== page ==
Home Natural Hazard Management GPS sensors for accurate prediction of quakes

GPS sensors for accurate prediction of quakes

Seattle, US: Once the Pacific Northwest Geodetic Array’s (PANGA) “real-time” functions get fully operational, it will be able to pinpoint some earthquakes more quickly and accurately than traditional seismometers — and eventually issue warnings before destructive shaking hits cities or tsunami waves slam the shore, claimed Tim Melbourne, Director of the PANGA.

“If the Pacific Coast or Mount Rainier moves a couple of centimetres, we’ll see it within five seconds,” said Tim, a geology professor at Central Washington University in Ellensburg, where PANGA is based.

PANGA’s instruments are sophisticated variations on consumer GPS units, using the same constellation of satellites to triangulate positions. Scientists use the GPS data to calculate the gradual build-up of strain on faults and identify the places most likely to pop. Dozens of the sensors also sit atop structures such as the Alaskan Way Viaduct and Howard Hanson Dam, on watch for unexpected slumps or jiggles.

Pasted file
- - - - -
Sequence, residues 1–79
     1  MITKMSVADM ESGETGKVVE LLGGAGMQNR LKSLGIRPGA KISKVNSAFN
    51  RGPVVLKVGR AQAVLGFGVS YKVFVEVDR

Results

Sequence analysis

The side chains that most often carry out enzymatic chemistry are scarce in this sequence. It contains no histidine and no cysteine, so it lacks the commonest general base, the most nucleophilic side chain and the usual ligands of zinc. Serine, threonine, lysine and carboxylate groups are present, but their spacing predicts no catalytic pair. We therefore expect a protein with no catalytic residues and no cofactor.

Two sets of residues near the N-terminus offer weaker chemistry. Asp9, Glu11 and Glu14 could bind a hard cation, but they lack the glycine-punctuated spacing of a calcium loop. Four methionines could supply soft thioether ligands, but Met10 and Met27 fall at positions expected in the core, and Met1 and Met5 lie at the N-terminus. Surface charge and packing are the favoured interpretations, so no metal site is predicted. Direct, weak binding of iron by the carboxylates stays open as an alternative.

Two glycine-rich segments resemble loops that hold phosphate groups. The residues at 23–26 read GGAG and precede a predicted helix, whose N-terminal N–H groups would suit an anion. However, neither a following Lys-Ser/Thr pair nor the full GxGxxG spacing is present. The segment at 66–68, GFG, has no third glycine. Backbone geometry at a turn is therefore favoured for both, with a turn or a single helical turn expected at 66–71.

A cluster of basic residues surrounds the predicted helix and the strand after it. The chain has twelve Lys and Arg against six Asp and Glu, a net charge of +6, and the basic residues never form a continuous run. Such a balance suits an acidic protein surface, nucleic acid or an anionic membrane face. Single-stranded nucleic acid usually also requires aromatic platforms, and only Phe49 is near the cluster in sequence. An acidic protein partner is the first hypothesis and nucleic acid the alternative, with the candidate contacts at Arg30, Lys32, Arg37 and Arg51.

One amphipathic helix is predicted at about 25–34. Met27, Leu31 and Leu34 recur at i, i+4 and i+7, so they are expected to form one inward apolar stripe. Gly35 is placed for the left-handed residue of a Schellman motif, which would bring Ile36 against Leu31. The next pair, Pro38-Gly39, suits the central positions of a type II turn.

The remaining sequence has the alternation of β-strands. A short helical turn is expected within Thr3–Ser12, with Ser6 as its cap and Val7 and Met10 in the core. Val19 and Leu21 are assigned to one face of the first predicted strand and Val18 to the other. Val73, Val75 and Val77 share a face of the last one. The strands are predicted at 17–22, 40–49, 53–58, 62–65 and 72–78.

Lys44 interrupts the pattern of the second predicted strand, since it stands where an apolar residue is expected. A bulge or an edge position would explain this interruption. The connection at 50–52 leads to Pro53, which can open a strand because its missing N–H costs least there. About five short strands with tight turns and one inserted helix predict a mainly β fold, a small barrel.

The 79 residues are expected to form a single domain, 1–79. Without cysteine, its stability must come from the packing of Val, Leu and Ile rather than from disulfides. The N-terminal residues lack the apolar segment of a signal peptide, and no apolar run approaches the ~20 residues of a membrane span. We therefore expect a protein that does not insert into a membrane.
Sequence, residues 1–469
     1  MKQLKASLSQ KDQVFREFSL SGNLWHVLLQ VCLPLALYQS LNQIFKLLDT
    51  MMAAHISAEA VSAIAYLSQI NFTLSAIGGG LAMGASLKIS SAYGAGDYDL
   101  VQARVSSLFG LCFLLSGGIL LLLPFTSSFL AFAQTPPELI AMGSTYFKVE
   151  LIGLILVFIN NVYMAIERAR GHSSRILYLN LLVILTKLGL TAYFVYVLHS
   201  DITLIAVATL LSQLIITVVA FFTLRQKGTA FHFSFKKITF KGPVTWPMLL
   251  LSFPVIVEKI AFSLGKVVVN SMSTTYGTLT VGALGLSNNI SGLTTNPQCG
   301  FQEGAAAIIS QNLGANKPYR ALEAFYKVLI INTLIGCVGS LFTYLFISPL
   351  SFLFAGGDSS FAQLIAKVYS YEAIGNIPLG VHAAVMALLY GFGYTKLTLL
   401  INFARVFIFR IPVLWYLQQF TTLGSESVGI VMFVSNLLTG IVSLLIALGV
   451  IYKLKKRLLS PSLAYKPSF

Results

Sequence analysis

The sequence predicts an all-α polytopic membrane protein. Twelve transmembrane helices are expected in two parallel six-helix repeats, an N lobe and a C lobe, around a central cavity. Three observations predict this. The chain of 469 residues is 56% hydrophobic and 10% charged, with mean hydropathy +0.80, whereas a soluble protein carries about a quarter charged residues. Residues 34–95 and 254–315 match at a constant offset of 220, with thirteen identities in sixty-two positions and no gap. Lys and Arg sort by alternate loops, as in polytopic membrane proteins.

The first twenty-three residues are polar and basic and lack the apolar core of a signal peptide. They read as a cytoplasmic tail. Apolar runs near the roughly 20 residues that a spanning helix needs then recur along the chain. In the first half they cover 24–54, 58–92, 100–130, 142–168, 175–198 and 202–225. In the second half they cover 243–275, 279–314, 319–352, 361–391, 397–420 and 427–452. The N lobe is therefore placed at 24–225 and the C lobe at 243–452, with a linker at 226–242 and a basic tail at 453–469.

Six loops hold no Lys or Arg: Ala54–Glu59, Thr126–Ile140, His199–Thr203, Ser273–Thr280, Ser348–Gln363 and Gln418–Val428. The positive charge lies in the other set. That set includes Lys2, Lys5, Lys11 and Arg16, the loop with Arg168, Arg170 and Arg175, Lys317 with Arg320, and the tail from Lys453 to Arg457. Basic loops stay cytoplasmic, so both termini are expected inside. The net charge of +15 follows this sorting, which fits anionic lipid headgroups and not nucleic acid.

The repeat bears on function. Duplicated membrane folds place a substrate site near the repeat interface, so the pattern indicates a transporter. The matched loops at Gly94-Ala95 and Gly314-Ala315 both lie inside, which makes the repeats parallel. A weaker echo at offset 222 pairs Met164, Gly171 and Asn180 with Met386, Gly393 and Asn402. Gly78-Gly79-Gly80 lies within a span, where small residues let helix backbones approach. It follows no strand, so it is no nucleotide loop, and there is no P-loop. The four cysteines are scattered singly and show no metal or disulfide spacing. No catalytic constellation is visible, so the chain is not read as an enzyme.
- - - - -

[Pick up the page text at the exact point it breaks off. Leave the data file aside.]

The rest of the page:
Today, 450 GPS units span the region, spitting out readings every second. Operating in peak mode, PANGA can track ground motions as tiny as one-tenth of a millimetre.

GPS networks have revolutionized the study of geology by opening a window onto the tectonic forces that shape the landscape and underlie earthquakes and volcanism. Recently, using a combination of GPS and sonar, Japanese scientists measured nearly 80 feet of slip on the underwater fault that triggered the quake and deadly tsunami.

GPS measurements also were key to the recent discovery of “silent” earthquakes that occur roughly every 14 months deep within the fault called the Cascadia Subduction Zone, where the seafloor dives under the continent. Running along the coast from Vancouver Island to Northern California, the fault has unleashed some of the world’s biggest quakes — most recently a magnitude 9 in 1700.

Until now, PANGA’s main application has been for research. But the ability to record motion instantaneously, made possible by a grant from NASA, is turning the network into a tool with practical uses.

Source: Seattle Times